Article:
If the mechanical parts of the reversing mechanism are beyond repair, it is a simple matter to bypass the system and rewire the electrics to a conventional rotary-type reversing switch mounted on a bracket that allows the operator quick and easy access without moving from his normal working position. In fact, on models without the screwcutting gearbox, the electrical system was often arranged like this when new, the precise type of switchgear varying somewhat over the years.
Because they combine such a range of desirable features Bantams of all types are very sought after second-hand; if you have a machine in good condition, and maintain it carefully, it should retain its value indefinitely.
Mk. 1 Screwcutting and Power feeds
Although most Mk. 1 Bantams were fitted with a screwcutting gearbox, numbers of "Hawk" models were supplied to training workshops with cheaper imperial or metric changewheel screwcutting. On the changewheel models there was, unlike their contemporary Harrison competitors, no 3-speed leadscrew gearbox, instead a simple 2-speed gearbox was employed where a sliding double gear on the feed shaft could be moved by a lever into one of two positions to pick up a single gear on the leadscrew - and so select either a fast or a slow rate of feed (the leadscrew on Bantams is used only for cutting threads and should normally be left disengaged).
The "Eagle" screwcutting gearbox gave 29 English pitches from 3.5 to 80 t.p.i. (and 15 metric with translation gears) and the Condor 27 metric pitches from 0.2 to 6 mm (and 26 English with conversion gears). Sliding feed rates varied from 0.001" to 0.028" on the screwcutting model; from 0.001" to 0.032" on the Eagle and from 0.02 to 0.7 mm on the Condor. In every case the surfacing (cross-feed) rate was half that of the sliding. Both models were equipped as standard with a number of extra changewheels to extend the normal threading range beyond that commonly required; if these gears are missing from a used lathe, it's worthwhile asking if they have been stored separately and perhaps overlooked. Power cross and longitudinal feeds were fitted to all models - with a push-pull knob to select sliding or surfacing and with the engagement and disengagement by a flick-in-and-out lever at the bottom of the apron. To protect the power-feed mechanism against overload damage all models were fitted with a shear-pin incorporated in the topmost gear of the train to the screwcutting gearbox..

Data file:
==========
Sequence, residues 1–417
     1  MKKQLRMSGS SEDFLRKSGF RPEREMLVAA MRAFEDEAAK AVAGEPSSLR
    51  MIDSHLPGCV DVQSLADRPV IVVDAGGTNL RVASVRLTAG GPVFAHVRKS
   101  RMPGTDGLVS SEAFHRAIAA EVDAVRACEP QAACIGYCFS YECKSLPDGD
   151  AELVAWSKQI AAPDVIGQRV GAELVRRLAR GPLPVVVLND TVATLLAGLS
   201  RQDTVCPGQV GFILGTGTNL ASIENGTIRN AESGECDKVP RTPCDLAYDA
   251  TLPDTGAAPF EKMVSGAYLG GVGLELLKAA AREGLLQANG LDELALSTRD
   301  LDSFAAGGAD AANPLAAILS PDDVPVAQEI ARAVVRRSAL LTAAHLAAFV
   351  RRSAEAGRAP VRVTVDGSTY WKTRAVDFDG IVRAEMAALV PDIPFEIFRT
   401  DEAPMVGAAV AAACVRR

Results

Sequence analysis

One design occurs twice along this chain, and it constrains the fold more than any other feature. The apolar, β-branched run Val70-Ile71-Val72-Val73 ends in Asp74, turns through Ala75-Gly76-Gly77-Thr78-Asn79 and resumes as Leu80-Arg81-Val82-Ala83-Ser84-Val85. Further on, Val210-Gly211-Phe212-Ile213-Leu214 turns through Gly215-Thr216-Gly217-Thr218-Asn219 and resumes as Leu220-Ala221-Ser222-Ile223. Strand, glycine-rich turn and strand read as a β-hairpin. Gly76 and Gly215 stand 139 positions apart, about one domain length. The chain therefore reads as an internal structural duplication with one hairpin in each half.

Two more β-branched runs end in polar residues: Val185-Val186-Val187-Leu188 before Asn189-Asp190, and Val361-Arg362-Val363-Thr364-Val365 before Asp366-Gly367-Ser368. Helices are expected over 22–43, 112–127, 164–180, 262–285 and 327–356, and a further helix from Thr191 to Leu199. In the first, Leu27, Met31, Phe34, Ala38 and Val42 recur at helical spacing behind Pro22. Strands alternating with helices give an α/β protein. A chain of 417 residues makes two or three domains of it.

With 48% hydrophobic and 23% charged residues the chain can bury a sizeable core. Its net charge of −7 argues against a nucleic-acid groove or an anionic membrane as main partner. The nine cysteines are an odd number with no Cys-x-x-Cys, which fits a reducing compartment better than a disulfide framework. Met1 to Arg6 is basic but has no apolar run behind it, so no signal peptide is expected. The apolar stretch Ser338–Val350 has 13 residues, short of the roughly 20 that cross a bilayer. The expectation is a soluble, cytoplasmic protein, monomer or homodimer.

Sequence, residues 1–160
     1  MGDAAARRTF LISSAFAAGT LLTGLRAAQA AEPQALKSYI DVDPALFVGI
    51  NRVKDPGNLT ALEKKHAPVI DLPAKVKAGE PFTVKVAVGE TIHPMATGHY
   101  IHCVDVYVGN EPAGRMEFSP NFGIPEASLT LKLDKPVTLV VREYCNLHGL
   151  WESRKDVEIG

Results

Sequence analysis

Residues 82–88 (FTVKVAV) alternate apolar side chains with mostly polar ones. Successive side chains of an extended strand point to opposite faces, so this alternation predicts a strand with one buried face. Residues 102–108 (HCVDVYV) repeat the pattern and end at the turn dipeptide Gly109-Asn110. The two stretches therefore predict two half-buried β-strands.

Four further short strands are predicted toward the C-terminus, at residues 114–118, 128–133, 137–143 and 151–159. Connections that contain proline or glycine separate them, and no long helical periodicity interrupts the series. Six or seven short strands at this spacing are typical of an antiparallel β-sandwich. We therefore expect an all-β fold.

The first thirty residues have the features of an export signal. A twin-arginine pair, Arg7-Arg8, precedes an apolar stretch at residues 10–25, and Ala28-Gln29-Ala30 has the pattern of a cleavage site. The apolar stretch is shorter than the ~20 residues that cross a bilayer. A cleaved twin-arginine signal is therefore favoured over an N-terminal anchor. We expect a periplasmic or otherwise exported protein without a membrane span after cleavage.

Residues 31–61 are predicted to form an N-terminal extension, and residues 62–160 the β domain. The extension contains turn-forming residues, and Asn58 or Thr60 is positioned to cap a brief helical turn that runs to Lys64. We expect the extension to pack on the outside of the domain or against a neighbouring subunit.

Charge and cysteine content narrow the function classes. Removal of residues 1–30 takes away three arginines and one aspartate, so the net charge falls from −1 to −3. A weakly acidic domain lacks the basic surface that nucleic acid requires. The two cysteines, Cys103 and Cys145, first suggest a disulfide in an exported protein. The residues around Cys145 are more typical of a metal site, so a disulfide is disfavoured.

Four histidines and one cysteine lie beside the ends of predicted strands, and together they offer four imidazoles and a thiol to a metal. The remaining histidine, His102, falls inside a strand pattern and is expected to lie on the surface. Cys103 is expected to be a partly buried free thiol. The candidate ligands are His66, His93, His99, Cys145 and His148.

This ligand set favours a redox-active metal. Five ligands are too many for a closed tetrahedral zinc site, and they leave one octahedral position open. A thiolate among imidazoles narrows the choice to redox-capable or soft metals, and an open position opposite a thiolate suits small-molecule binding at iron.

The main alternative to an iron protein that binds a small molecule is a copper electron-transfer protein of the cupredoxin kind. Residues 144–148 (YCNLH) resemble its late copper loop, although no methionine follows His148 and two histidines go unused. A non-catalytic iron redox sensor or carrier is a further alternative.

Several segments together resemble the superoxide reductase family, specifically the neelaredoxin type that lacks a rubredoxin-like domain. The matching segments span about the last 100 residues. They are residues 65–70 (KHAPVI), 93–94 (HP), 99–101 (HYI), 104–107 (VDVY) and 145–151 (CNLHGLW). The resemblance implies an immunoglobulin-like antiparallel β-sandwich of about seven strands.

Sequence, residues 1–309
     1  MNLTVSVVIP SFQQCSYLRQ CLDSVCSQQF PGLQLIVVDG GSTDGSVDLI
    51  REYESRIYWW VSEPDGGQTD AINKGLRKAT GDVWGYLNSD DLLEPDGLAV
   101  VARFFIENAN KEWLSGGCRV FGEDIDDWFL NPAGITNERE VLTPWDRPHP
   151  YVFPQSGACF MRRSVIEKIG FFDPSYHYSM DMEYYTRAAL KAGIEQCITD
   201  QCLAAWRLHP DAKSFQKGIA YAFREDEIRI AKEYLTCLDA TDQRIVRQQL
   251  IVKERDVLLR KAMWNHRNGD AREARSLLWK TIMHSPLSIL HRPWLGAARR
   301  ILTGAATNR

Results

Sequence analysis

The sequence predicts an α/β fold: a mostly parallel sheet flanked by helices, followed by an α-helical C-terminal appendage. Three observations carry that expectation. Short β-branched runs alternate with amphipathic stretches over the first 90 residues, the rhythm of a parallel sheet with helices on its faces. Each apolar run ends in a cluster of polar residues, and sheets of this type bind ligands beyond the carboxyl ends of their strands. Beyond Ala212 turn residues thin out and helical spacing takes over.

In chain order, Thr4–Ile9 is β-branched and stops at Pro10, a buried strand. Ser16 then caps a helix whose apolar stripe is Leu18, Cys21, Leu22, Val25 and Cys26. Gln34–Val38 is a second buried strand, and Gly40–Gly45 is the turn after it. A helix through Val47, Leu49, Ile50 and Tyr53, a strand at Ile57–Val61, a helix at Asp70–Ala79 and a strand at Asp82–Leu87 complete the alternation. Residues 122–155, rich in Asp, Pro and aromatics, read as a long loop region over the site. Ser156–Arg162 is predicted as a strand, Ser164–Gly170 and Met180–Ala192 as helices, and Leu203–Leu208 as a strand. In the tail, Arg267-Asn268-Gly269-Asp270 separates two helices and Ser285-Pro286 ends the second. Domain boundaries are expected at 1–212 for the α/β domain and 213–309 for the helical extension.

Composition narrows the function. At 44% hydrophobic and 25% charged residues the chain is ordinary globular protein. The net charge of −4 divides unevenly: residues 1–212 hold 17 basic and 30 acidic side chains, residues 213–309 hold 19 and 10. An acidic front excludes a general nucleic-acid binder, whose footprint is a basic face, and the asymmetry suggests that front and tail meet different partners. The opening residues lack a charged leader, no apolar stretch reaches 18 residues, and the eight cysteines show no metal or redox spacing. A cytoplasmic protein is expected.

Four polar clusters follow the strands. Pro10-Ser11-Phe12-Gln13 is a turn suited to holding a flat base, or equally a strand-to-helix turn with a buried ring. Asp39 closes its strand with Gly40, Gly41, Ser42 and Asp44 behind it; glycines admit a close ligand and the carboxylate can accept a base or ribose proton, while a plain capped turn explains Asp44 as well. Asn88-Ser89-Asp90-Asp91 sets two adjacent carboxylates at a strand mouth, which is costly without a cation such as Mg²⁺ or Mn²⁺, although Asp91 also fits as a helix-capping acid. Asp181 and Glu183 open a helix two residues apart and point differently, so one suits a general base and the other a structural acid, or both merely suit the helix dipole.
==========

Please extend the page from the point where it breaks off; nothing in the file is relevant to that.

Unfortunately the maker's stand, in basic form, lacked any form of storage, although some long-bed lathes have been found with a drawer across the central section between the plinths. An interesting point concerns the four welded-on mounting points: the one at the back behind the headstock was set flush with the stand's lower edge and drilled and tapped 1-inch UNC to take a hollow, screwed stud through which passed a levelling bolt The other three points protruded below the base, with the threaded rear bolt assembly being used to set everything up level. For normal work the lathe stand could be left unsecured - or mounted on anti-vibration pads - it only being necessary to bolt it down if jobs were to involve high speeds with out-of-balance workpieces.